Oklahoma's swift justice
NORMAN, Okla. – Last month the University of Oklahoma athletic department was found guilty of major rules infractions for the seventh time in its history of ignoring the NCAA rule book.
Back in 1956, the football program was cited for "improper transportation; extra benefits; improper recruiting inducements." In 2007 it was "impermissible extra benefits – payment for work not performed and failure to monitor."
Hey, what do you expect from a program whose "Sooners" nickname honors people who prematurely seized (stole) land back in 1889 and whose interlocking OU logo kind of looks like a pair of handcuffs?
Well, what you expect didn't actually happen.
Two starters and a walk-on were, indeed, paid for work they didn't do at a local car dealership. And in a small town such as Norman, the dealership was no secret – particularly considering some in the athletic department got their cars from the place. OU broke the rules, no question, and more could have been done on the front end.
On the back end, though, Oklahoma, led by its coach, Bob Stoops, actually conducted a real investigation, made quick, tough self-punishing decisions and in the process showed how to do things right when things inevitably go wrong.
"You have to step up," Stoops said Saturday morning from a coach's lounge inside no less than the Barry Switzer Center here. "I have a program built here for the long haul and this didn't change that."
While praising a coach and a repeat, repeat offender program for how it dealt with a scandal is a bit absurd – after all 1) how about not having a scandal in the first place? and 2) since they've had plenty of practice isn't it about time they did it right – in reality the way OU dealt with this was, sadly, by NCAA standards, somewhat remarkable.
On March 3, 2006, the school received an anonymous email claiming some football players were being paid for essentially a no show job.
These things happen and at so many schools the email would be ignored, deleted or delayed being sent to the proper authorities.
OU decided to immediately investigate. It conducted interviews, sorted out the facts and eventually zeroed in on a few potential suspects. Stoops, for his part, not only didn't resist the inquiry, he actively aided it even as he was about to lose his starting quarterback and a starting offenive lineman.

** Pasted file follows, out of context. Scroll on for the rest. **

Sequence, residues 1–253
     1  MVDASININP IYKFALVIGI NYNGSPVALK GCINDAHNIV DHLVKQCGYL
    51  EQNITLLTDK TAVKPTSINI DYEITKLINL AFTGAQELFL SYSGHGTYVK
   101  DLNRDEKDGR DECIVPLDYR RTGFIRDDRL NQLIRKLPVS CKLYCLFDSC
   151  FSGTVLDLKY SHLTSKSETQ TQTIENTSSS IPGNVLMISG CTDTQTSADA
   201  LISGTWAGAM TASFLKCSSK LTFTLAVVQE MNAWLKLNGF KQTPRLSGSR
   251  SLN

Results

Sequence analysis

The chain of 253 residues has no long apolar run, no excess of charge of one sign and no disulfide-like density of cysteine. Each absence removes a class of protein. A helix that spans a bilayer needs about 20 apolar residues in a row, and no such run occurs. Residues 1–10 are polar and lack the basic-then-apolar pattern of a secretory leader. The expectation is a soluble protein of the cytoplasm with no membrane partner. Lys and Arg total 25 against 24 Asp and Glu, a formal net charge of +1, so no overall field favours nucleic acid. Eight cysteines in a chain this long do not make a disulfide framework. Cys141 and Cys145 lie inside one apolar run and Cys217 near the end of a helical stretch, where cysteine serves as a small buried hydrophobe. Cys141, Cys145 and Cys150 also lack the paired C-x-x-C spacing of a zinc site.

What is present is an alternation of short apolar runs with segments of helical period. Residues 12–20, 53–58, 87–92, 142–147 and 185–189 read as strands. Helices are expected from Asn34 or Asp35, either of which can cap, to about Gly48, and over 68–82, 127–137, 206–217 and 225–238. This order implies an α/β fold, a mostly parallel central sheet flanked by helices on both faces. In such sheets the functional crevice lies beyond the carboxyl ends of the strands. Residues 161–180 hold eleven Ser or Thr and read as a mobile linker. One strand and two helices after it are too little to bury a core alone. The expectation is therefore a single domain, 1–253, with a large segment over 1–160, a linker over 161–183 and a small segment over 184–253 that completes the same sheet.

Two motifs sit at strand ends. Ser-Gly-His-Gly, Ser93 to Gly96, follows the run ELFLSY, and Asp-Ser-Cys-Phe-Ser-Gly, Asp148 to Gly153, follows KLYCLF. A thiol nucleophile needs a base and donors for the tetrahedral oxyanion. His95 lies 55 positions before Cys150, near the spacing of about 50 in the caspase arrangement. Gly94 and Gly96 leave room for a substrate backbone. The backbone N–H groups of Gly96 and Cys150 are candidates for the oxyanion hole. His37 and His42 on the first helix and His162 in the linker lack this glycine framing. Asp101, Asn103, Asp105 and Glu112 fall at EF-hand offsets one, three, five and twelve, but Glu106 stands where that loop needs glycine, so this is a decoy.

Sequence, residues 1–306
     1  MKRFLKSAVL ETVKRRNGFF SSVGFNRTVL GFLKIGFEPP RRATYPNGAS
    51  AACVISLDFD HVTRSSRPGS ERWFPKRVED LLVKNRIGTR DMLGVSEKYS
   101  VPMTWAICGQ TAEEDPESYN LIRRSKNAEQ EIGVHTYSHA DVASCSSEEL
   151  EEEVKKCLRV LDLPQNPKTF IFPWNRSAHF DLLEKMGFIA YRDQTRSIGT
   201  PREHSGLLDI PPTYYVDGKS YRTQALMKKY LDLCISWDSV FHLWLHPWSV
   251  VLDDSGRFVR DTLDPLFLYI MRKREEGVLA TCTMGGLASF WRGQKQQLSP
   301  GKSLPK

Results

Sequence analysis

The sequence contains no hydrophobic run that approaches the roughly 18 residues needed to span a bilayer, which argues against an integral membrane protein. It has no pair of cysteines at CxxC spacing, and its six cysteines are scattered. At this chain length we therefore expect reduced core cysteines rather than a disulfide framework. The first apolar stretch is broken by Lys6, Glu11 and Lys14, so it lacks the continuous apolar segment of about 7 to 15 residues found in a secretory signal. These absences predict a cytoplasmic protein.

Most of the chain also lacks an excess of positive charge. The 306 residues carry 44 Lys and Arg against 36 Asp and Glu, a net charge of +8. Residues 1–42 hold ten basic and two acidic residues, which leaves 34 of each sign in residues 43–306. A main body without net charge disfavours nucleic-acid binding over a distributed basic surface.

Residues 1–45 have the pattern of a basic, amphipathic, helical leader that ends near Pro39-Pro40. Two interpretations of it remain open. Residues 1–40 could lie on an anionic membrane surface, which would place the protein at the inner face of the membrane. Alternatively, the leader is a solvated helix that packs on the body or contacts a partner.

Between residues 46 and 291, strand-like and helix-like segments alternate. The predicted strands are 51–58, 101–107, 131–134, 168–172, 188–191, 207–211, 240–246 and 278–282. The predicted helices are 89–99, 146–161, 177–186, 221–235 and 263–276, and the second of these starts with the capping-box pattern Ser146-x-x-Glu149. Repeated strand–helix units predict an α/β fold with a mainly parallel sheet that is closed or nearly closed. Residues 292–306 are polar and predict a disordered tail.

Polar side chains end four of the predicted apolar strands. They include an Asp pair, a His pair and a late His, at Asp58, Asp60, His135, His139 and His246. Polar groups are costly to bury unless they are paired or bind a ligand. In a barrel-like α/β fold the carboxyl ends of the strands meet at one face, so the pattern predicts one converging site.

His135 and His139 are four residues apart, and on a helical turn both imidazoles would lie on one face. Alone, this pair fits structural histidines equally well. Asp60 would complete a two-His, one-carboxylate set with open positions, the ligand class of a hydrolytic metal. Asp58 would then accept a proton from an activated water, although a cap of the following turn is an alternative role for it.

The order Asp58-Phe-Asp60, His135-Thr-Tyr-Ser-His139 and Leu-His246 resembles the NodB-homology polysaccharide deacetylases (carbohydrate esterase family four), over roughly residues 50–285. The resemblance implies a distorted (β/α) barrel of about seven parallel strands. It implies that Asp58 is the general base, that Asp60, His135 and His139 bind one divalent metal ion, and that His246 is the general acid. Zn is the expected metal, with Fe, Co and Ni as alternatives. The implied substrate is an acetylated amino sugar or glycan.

To conclude if the players were paid, the school needed their private tax records. Legally, the players didn't have to turn them over. Rather than throw up his hands, fall back on this and let the investigation stall (at least until after the Texas game) Stoops told the players they could either sign a waiver to release the records or never play another down for him.
"Those players didn't have to sign their waivers to get all of their tax information," Stoops said. "But I knew for me, they are not going to play for me unless they (did) because if they are not going to give us all of the information, then something isn't right."
The guys turned over the incriminating info and on August 1, he and department officials interviewed the players. The next day they were dismissed from the team, even as it seemed to crush OU's chances of winning the Big Twelve championship.
"It was the right thing to do regardless of the consequences," Stoops said.
On August 21, less than three weeks after completing the investigation and less than six months after that first tip, the school sent the NCAA an initial report. The NCAA came and did its own investigation and in July, the major infractions punishment came down – some minor scholarship losses, probation through 2010 and the forfeiture of eight victories back in 2005.
While it would be nice if OU weren't appealing the vacated victories (it should just take the fairly empty penalty and move on), the investigation stands in stark contrast with the way many schools dealing with potential NCAA trouble. For years schools have ignored, denied and covered up original charges and then resisted when NCAA investigators tried to do their job.
Many schools prefer to launch an investigation that is as much eternal as internal. The goal is to drag things out, keep stars eligible and eventually come to a determination years later. After wasting vast sums of money with an NCAA-connected law firm, the school will then complain that any possible sanctions aren't fair since the kids currently playing had nothing to do with the long ago crime and will be unfairly punished.
This system has worked for decades. While OU isn't the first place to tackle an investigation aggressively, it may be the most surprising.
"I don't know what other schools would do," Stoops said. "Sometimes you don't have all the information. But we had all the information. Once I had all the information, I knew immediately what I was going to do. You do the right thing for this program.
"People who want to hate us (will) question it. But I know what it was about. Those guys were dismissed immediately. And I think the guys in our locker room knew that as soon as I knew (the facts), that was going to be the decision."
The ironic thing is the dismissals, the owning up to rule breaking may have helped OU handle a season that saw them not only lose those two starters, but two others due to injury (their best lineman and their superstar tailback) plus getting jobbed out of a victory at Oregon due to referee incompetence.
"Through it all we were still able to be the best we could be," Stoops said.
He's right. In the end Oklahoma won the Big 12 anyway.